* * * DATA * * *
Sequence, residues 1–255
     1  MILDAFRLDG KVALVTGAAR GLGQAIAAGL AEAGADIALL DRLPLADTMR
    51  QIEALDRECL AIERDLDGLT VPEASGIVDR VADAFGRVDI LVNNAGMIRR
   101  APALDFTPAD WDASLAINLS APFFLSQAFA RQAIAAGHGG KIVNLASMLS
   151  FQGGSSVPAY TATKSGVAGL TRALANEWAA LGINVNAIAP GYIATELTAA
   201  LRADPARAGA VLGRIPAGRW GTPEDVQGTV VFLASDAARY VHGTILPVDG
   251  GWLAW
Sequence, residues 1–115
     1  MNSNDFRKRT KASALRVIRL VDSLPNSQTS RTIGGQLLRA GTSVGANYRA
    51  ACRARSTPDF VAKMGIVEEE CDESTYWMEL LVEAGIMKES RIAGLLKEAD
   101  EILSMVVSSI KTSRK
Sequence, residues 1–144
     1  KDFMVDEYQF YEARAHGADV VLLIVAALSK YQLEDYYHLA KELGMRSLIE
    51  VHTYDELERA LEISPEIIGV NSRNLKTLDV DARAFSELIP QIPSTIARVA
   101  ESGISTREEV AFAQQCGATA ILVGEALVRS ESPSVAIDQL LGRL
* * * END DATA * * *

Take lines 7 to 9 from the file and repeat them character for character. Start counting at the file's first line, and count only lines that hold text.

   251  GWLAW
Sequence, residues 1–115
     1  MNSNDFRKRT KASALRVIRL VDSLPNSQTS RTIGGQLLRA GTSVGANYRA